In less than two months, Facebook will celebrate the seventh anniversary of its emergence from academia to being a public social media outlet. In Internet years, that’s a lifetime — and then some. With more than 1 billion active users, Facebook is the most popular social media site. And reports indicate there are more than 11 million Facebook business pages.
Despite the proliferation of social media in all its forms, the concept still seems lost on a large number of small business owners. For some, it’s a scary frontier land filled with identity thieves. For others, it simply seems like a waste of time when traditional marketing methods work just fine (thankyouverymuch).
Whether a small business owner chooses to embrace social media or not, it’s important to understand it’s a form of communication and interaction that’s not going away. Like it or not, social media is a powerful influence on not just people, but businesses, marketing practices and even sales and customer service. Larger enterprises have mostly adopted social media and are using it for a variety of purposes, from product announcements to lead generation to customer service.
But social media is a big place. For instance, if Facebook were a recognized nation, it would be just behind India in terms of population and would likely soon be overtaking India’s number two spot on the list of top countries by population. Only China rivals India, but give the empire that Zuckerberg built some time and it will surely soon have a populace larger than any nation on the planet.
And that’s only Facebook. Add in the likes of Twitter, LinkedIn, Pinterest, Google+ and the hundreds of other social media websites and applications, and it’s a whole other story. The population of social media is a large portion of the planet’s population — and it’s safe to say it’s the majority of the population in many nations.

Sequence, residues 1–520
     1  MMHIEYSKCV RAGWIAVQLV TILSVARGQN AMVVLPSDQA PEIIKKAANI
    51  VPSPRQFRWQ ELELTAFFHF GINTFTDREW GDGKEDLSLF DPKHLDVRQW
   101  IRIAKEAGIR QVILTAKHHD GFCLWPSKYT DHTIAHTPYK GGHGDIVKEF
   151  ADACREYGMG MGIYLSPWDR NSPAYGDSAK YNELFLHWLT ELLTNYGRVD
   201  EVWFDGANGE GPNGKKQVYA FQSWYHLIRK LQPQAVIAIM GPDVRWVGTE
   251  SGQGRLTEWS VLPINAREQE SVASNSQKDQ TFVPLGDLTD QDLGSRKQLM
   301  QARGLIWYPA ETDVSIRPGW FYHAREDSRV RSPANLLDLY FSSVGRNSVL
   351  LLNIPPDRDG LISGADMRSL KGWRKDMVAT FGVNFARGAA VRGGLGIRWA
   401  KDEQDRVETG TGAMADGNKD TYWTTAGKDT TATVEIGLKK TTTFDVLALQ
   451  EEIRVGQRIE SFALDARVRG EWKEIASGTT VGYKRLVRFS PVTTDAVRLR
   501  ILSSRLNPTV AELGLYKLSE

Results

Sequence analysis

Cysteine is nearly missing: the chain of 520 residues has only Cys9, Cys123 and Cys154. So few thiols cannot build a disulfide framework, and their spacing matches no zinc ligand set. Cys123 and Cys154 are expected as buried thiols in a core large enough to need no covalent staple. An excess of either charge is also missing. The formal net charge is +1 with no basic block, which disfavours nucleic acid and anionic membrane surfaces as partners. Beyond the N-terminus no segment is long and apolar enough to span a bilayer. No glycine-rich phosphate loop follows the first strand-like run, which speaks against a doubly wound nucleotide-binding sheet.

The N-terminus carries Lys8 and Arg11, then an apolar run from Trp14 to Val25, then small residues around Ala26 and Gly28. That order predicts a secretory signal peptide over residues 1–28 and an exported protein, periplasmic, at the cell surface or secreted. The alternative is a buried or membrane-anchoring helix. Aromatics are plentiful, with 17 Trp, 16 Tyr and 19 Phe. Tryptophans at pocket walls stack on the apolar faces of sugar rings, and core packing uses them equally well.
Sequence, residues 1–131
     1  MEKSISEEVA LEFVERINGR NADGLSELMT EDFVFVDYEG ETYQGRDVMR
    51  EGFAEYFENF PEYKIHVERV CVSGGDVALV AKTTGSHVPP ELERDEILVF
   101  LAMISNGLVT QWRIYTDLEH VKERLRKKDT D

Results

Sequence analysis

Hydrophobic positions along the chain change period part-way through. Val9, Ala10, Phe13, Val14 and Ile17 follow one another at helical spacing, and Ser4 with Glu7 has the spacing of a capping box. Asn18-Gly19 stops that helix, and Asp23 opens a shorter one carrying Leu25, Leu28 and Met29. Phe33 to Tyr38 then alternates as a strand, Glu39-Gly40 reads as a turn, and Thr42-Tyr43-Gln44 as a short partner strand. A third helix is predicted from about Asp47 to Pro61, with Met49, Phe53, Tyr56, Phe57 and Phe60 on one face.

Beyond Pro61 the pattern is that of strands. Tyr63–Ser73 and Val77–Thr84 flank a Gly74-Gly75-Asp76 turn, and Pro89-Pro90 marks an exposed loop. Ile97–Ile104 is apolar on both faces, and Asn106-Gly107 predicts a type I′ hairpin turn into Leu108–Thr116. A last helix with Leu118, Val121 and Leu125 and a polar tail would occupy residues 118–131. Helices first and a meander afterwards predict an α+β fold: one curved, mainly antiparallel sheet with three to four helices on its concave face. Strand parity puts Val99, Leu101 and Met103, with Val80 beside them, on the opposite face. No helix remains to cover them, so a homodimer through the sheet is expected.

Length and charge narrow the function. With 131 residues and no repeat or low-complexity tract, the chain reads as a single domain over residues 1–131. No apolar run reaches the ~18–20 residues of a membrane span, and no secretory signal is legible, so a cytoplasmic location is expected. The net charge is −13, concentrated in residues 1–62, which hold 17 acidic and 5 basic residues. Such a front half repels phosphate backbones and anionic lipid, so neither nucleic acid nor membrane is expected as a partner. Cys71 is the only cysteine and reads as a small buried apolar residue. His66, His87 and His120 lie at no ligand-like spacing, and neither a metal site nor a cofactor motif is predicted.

Trying to unravel the complex web of social media is like trying to untangle a ball of yarn … one-handed … in the dark. With some time, effort and dedication, social media can become a strong tool in your marketing and customer service toolkit. And you don’t even need knitting needles.
It’s not easy to build a social marketing campaign and stick to it, but over the next few weeks (maybe months), I’m going to give you a few tips and tricks to help you build a following on your social media platform of choice, create a strategy so you don’t suffer from the same maladies that strike many business social media efforts, and learn to effectively communicate with a whole new audience that is tech-savvy, engaging, has a strong sense of entitlement, and needs to be drawn in with 140 characters or less (go ahead, say it… Millennials!).
Until the next instalment, check out this article I wrote for the Freshbooks blog on success with gaining new clients through social media marketing.